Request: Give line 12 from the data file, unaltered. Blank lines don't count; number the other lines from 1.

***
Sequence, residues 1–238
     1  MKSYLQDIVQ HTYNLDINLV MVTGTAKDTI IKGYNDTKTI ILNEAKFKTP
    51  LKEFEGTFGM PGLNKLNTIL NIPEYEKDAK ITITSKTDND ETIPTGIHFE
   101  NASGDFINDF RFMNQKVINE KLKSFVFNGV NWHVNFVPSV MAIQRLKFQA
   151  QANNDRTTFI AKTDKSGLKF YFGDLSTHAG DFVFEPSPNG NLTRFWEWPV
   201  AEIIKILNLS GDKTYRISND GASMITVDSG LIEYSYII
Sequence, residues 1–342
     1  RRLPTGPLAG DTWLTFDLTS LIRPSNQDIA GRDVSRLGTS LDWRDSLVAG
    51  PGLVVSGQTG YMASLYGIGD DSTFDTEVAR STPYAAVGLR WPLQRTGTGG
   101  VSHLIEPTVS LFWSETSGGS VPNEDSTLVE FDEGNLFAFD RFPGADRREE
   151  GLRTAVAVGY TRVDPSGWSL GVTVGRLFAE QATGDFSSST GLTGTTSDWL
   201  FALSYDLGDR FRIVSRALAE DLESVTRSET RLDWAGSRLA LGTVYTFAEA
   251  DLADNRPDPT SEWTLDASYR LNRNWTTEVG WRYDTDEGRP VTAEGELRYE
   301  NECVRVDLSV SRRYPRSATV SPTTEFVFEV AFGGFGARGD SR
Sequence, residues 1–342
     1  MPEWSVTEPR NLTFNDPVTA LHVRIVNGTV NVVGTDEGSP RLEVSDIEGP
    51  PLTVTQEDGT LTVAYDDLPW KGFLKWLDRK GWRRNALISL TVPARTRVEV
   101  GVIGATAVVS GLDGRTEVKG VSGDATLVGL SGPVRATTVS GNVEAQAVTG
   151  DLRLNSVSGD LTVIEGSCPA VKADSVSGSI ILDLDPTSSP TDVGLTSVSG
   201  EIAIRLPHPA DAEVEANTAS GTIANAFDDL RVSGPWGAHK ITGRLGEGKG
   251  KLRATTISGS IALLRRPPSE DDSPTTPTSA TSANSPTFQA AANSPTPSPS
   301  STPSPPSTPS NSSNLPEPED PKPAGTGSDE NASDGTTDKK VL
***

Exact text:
   201  FALSYDLGDR FRIVSRALAE DLESVTRSET RLDWAGSRLA LGTVYTFAEA